The student news site of Mountlake Terrace High School in Mountlake Terrace, Washington.

The Hawkeye

Better to buy spots early

By Ciara Laney, Hawkeye staff

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Every single school year students have filled all 287 parking spots at MTHS, according to Athletic Director and Activities Coordinator Kim Stewart. But the process behind these spots are a bit more complex than just a place to park in the morning.

The ASB collects the money for the parking spots, which sell at $50 per spot, until the second semester. During the second semester, the price decreases monthly by $5 until it gets to their lowest price of $30 a spot. Principal Greg Schwab decides where the parking revenue goes toward, but it is mostly set aside for sports funding.

Money doesn’t need to be spent for these spots. Custodians empty the trashcans in the parking lot daily, and the district will pay if the lines need to be repainted.

With a first come, first serve policy, parking spots become a bargain. At some high schools, such as Jackson High School in Mill Creek, Wash., parking spots are auctioned off. The spots closer to the school can mark up over $1000, as opposed to the ones in the back where they’re sold for less.

A spot cannot be bought by a student without a driver’s license and proof of insurance of the car that is trying to be registered. This means that the people who receive their license after school starts get the spots in the back row toward the exit of the campus.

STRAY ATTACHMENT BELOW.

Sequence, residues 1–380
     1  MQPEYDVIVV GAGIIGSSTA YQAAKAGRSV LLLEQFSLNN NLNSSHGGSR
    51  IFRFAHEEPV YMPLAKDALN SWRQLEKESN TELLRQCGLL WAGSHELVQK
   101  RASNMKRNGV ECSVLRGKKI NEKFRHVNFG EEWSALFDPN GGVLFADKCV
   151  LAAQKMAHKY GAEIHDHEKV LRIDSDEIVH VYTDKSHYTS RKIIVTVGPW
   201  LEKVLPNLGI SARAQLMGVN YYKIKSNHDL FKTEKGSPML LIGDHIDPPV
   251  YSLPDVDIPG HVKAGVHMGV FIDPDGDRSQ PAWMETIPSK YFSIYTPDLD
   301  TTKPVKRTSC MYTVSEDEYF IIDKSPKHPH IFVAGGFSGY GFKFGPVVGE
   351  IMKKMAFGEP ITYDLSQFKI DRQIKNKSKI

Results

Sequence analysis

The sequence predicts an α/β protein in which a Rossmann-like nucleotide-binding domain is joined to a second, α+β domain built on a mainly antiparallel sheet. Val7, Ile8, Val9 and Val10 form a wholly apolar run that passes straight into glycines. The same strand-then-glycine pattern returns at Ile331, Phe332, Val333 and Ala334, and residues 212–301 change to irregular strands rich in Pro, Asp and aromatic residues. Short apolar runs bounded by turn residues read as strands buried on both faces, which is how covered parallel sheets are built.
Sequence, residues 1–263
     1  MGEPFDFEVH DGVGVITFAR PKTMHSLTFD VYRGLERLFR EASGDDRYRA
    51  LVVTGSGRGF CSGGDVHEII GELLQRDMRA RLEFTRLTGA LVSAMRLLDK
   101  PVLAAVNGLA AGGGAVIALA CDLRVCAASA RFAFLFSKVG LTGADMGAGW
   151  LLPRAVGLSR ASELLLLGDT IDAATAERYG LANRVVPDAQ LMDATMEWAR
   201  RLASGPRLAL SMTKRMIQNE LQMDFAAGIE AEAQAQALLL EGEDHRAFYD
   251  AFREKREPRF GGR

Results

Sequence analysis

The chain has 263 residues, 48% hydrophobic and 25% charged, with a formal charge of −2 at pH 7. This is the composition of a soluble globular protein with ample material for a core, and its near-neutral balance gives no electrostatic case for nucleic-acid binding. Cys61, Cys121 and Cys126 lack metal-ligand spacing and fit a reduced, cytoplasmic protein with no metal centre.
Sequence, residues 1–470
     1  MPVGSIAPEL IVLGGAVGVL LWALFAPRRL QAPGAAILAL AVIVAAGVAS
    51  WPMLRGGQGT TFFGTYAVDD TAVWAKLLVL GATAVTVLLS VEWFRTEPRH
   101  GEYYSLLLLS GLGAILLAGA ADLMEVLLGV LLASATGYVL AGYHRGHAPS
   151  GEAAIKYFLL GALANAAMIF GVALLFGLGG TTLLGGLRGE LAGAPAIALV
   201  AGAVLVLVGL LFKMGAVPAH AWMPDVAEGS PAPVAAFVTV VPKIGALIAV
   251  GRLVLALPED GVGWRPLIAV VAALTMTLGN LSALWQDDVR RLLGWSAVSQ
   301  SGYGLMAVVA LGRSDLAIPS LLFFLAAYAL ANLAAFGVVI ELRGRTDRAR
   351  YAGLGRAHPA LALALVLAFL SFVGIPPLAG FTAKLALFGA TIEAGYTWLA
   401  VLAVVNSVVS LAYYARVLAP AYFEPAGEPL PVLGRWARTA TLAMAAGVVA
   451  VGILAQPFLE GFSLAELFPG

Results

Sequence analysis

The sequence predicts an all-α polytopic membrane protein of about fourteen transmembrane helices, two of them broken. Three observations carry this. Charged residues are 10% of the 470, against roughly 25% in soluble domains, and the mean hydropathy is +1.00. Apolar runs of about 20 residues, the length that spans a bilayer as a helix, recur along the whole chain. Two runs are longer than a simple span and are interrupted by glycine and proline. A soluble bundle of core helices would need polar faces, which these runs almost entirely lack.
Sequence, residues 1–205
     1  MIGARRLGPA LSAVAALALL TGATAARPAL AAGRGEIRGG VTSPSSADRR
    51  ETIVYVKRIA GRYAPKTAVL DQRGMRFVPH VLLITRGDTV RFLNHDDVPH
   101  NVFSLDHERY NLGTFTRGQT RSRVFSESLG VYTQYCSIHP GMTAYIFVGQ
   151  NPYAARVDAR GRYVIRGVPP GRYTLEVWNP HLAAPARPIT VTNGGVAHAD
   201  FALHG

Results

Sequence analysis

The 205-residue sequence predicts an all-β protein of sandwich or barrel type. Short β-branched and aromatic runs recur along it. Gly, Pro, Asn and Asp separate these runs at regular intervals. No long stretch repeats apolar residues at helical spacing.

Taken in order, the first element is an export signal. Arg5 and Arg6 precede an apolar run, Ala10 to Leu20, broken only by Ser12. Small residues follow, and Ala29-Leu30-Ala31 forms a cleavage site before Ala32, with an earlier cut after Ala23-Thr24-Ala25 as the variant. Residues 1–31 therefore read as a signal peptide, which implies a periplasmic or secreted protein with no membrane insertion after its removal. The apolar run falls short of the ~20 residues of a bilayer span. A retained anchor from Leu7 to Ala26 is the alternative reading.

The contract that students sign when buying a parking spot is often ignored, along with the procedure that is expected when a spot is taken.

Some students may not fully read the contract when purchasing a parking spot. Because of this, students do not know the procedure of what to do if their parking spot is occupied by someone else’s vehicle.

This often happens to Running Start students who leave at some point during the day and come back at a different time.

To summarize the parking permit contract, which is available in Stewart’s office, if someone else parks in a student’s spot, they should not park in another. This can cause a “chain reaction.” For example, if person A parks in person B’s spot, then person B might end up parking in person C’s spot.  

All you need to do is “not freak out,” Stewart said. Move to the back of the schools near the fields and park there instead, which is most likely a better spot than available to students. It is in fact stated in the Mountlake Terrace High Vehicle Registration that “Students may not park in the faculty lot, visitor parking, fire lanes, behind the school (unless someone is parked in your space.”

Students whose parking spots are stolen also need to tell Jerry Myers, a paraeducator who is in charge of security and is stationed near the front entrance of campus. He will either ticket the car, tow it, or put a “boot” on it. Myers reported that boots can be issued at any time, sometimes three are issued in one week, others none are issued in a month.

At MTHS, there are two $450 boots. If you violate the parking rules once, you will receive a warning and have it taken off. On the second offense you will be fined $100 and be towed away, which would be approximately $200 in total. By following the rules, students will find the rest of the year easier.

Although there are many pros and cons, it would be more beneficial in the long run to pay for a parking spot in the beginning of the year. The fees may be a little expensive at the beginning, but the amount of walking and more funding towards sports will make up for it.

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The student news site of Mountlake Terrace High School in Mountlake Terrace, Washington.
Better to buy spots early